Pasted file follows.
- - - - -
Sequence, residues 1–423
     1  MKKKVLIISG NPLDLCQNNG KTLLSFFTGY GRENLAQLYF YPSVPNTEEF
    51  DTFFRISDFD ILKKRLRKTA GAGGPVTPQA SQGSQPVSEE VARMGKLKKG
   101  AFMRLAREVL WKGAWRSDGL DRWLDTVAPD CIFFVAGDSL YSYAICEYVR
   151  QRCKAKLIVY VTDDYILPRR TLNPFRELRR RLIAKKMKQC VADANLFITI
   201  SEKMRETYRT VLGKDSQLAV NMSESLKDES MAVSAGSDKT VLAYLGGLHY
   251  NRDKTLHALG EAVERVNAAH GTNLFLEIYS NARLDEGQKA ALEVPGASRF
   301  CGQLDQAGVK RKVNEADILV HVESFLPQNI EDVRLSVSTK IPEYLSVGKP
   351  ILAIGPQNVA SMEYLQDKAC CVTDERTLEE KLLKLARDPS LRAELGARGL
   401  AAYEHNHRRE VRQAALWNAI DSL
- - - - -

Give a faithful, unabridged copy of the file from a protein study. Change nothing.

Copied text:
Sequence, residues 1–423
     1  MKKKVLIISG NPLDLCQNNG KTLLSFFTGY GRENLAQLYF YPSVPNTEEF
    51  DTFFRISDFD ILKKRLRKTA GAGGPVTPQA SQGSQPVSEE VARMGKLKKG
   101  AFMRLAREVL WKGAWRSDGL DRWLDTVAPD CIFFVAGDSL YSYAICEYVR
   151  QRCKAKLIVY VTDDYILPRR TLNPFRELRR RLIAKKMKQC VADANLFITI
   201  SEKMRETYRT VLGKDSQLAV NMSESLKDES MAVSAGSDKT VLAYLGGLHY
   251  NRDKTLHALG EAVERVNAAH GTNLFLEIYS NARLDEGQKA ALEVPGASRF
   301  CGQLDQAGVK RKVNEADILV HVESFLPQNI EDVRLSVSTK IPEYLSVGKP
   351  ILAIGPQNVA SMEYLQDKAC CVTDERTLEE KLLKLARDPS LRAELGARGL
   401  AAYEHNHRRE VRQAALWNAI DSL